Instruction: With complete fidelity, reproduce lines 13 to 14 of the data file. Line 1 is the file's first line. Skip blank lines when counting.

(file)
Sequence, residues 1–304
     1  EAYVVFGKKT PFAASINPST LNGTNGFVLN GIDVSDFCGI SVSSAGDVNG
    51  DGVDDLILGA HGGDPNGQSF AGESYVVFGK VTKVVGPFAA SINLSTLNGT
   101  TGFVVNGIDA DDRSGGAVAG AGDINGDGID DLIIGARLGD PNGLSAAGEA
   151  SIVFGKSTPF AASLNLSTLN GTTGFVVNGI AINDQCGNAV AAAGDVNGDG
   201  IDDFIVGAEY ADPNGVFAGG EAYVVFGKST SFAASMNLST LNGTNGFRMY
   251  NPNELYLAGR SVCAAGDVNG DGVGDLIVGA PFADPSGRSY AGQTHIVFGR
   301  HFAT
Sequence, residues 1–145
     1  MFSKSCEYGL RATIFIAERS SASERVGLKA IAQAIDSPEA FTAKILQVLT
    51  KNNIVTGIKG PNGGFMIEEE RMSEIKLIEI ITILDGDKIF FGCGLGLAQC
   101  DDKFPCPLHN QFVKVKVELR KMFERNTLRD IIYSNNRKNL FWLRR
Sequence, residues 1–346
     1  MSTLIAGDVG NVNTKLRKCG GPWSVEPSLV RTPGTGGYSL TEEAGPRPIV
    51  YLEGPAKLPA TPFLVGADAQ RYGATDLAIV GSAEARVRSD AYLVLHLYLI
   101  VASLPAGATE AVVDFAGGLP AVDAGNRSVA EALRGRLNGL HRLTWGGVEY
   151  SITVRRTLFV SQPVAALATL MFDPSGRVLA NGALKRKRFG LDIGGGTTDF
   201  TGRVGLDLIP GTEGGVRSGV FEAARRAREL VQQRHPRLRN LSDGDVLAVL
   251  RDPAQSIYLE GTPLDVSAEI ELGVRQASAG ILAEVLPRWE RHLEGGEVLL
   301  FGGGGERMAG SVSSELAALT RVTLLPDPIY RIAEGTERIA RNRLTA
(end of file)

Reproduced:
Sequence, residues 1–346
     1  MSTLIAGDVG NVNTKLRKCG GPWSVEPSLV RTPGTGGYSL TEEAGPRPIV